That guy is a selfish moron. Yet, I remain a Roman Catholic as I can perceive a lot of truth (and grace) from the Roman Catholic Church. I stay in the Church in spite of the small number of clergy who are abusive, lack compassion, lack realism, or just don’t get what it takes for a lay person to survive in modern America. Not every priest or pastor is a jerk, we just tend to remember the jerks more than the one’s filling a graced-filled vocation.
We all meet crappy Christians and idiot clergy from time to time. Sometimes they embarrass us. Sometimes they cause people to leave Christianity. While they make my PTSD worse, they also help me realize that Christianity is about God the Father, God the Son, and God the Holy Spirit. The toxic foolishness of that priest does not neuter the validity of my Christian faith or my membership in the Catholic Church. This guy’s toxicity means I have to be more careful, that PTSD triggers also comes in the forms of people.
The love of God for the world – and You – is bigger and more powerful than any combination of toxic priests or otherwise crappy Christians.
This is where I have to depend on God and not feel guilty when some people try to make me feel guilty that I cannot physically do what a physically healthy person can do. The same applies to my PTSD-induced aversion for fireworks, crowded places, large dogs, and screaming babies. People may give me grief about being anti-social, but I also need to assess and respect my PTSD triggers. The people who get angry at me for not attending their noisy crowded event will be even less forgiving if I have a PTSD episode at their party.
In fact, this type of PTSD reality means I should continue to pray for that crappy priest so he himself will heal and thus quit harming others in particular and Christianity in general.
Well, looking back on that last section I see I needed to get that off my chest. Yikes! But I also know that if I am not careful then inconsiderate people, especially self-described Christians, will activate my PTSD. If the person really wants me to finish my book, then he should shut up and let me write it. When he activates my PTSD, I won’t be writing much that could benefit others.
And so, I must take my own advice. I need to identify the PTSD triggers, understand them and my current sensitivities, and take the necessary precautions. Then I need to pray for both that particular toxic priest and myself. Both he and I need to do some respective healing.
I need to ration my limited abilities to do the most good for others and myself. I can’t let myself get burnt out by other people’s unrealistic and uncaring expectations. Neither can you. If they don’t understand then they need to read up on PTSD and the Gospel of Mark, chapter 5.
Grace as Immersion Healing
Grace allows me to enter healing that is not merely pharmaceutical or diversionary. Grace allows me to understand it is not all about me, that I need to look at relationships. Grace informs me that while I am triggered by some people’s uncaring actions, I should then ask myself: “am I a PTSD trigger for someone else?”
Grace is far ranging but also an intangible. We need to realize that it is more than a magical wand that makes pain go away. Rather, grace is a therapy that can allow us to immerse in God’s love regardless of what is happening to us in the world.
Grace gives me the will to live in a country that would prefer its veterans to be quiet, out of sight if disabled, or just dead and silent.
Grace allows rape survivors, and abused spouses, and molested children to choose to live and not kill themselves.
Grace allows those of us who have suffered trauma and still suffer from PTSD to choose to not actively go out and ruin other people’s lives.
If we survive trauma then we have to choose how bitter we will become. I carry some bitterness and it comes out in my writing at times. But, I must choose to not purposely make other people a miserable mess under the premise of if I am hurting then they should too.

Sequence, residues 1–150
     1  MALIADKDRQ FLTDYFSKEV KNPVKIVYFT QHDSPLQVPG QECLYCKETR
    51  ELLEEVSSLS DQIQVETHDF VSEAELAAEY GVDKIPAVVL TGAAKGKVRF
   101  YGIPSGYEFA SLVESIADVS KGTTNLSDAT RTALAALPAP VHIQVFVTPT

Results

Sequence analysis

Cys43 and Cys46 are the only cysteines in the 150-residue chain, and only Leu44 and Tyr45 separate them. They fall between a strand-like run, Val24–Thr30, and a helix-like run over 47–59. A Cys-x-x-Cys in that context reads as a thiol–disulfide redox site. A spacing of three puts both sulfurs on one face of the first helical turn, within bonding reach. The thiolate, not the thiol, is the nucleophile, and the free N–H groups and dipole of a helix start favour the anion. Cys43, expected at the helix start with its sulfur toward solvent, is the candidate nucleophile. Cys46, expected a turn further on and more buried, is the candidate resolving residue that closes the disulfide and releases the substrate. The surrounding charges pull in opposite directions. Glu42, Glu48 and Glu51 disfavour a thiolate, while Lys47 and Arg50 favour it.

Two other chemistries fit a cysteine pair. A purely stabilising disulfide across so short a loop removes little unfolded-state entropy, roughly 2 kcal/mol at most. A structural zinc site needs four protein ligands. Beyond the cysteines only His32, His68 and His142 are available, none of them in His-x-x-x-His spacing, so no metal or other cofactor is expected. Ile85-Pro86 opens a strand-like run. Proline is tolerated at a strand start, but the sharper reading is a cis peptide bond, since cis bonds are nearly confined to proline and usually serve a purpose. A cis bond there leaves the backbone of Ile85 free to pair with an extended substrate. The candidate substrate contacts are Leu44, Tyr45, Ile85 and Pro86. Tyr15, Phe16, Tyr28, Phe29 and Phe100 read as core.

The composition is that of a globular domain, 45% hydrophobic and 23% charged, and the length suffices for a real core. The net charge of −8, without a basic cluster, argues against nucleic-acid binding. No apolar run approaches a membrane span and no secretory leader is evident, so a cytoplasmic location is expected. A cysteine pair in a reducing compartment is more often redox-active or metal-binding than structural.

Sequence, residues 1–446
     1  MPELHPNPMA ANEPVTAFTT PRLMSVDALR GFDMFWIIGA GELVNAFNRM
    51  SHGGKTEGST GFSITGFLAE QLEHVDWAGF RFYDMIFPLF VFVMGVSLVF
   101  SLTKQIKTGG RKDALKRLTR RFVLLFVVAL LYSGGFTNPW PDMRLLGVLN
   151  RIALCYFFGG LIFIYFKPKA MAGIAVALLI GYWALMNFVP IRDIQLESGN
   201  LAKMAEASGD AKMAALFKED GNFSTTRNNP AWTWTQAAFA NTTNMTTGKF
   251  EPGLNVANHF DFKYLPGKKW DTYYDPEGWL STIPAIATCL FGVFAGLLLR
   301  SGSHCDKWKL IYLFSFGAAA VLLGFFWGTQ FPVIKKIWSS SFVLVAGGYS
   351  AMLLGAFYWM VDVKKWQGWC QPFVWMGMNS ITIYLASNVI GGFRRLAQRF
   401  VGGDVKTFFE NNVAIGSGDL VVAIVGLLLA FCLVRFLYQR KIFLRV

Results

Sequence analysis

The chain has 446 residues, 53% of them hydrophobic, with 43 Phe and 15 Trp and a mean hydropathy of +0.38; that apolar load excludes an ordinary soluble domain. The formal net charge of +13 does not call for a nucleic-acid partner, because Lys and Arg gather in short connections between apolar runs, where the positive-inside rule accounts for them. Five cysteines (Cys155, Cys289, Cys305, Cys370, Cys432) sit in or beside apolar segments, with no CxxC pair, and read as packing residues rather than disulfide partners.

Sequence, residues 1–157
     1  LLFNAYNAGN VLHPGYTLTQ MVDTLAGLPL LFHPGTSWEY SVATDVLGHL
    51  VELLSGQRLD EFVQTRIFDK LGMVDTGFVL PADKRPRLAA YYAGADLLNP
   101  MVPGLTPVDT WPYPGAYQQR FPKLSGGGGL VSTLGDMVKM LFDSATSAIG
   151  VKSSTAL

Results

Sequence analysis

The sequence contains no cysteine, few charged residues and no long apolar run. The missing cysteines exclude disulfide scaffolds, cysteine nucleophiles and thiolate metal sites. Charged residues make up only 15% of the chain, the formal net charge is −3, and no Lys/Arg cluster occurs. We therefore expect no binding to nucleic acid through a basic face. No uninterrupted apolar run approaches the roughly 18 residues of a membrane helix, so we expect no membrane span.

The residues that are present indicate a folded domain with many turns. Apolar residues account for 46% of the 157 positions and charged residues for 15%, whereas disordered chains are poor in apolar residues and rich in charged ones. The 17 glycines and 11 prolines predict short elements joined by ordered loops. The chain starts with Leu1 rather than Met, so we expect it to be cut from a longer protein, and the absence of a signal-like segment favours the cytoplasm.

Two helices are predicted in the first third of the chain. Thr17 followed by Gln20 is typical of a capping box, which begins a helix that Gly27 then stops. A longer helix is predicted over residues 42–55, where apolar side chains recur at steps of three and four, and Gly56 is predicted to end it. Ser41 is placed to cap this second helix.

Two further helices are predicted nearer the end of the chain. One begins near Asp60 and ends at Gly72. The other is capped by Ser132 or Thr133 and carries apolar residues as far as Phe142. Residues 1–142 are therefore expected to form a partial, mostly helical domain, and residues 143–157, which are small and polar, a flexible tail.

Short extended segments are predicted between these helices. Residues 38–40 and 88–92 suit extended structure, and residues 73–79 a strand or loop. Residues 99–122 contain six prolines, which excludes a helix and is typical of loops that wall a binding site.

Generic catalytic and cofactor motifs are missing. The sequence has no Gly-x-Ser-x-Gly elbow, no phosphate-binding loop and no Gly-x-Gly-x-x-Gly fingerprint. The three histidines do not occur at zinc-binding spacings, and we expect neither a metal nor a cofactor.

Arriving at the decision to not make others suffer, even as I am suffering, is the result of grace. It is a Pro-Life decision.
Grace is Pro-YOUR Life
Anytime I choose life or healing is a graced decision. It is my decision, but the process to preserve, enhance, or heal life, is one that results from grace.
To choose extreme selfishness and to embrace Compassion Deficit Disorder is anti-Life. Those decisions are not from grace – no matter how much they may insist it is.
The more someone explains it is too expensive to provide treatment for rape survivors, molested children, or wounded veterans; the more they display their own Compassion Deficit Disorder.
Oddly, when they hurt, they don’t care how much it costs to fix. While my pain is real and it hurts, their illness is more deep seated as they render themselves and their desperation for their money into their own true gods.
Grace allows us to seek the common good and not what is only good for our own particular tribe or clan at the expense of others.
Grace is Sourced From God
So grace is a lot of things. Suffice it is a good thing that comes from God. The more we live our lives, including the joyous parts as well as the painful parts, then the more we can learn about and experience grace. The more we experience grace the more we experience God. We may still be physically or mentally wounded, we may still be in pain, but we were never promised a pain-free existence. Grace allows us to live for our God through our joys and our suffering. Grace allows us to love God regardless. Like peace, grace is something we pursue and pray for, and hopefully we are the recipients and exemplars of it.
Grace helps us to be freed from the isolation that PTSD inflicts on us. Grace is Life. Choosing to stay alive and not enter despair and suicide is a result of God’s grace.
Physical Isolation, but Spiritual Community
Because we co-suffer with others we are never truly alone. Our suffering has meaning in that it paradoxically helps others to better endure their own suffering (The same holds true for joy). Even if isolated, God is with you – in both joy and in sorrow. PTSD does not want you to see that.
PTSD and those humans afflicted with Compassion Deficit Disorder wants us to give up, be quiet, and stay out of sight so they don’t have to be disturbed or think through how others might be damaged and suffering. God on the other hand, loves us no matter what, God’s love is eternal, God wants you and I to live. God made us in his “image and likeness,” he does not want to see it destroyed.
Thankfully, Grace is a never ending fountain of God’s love and concern for us.
Semper Pax, Dr. Z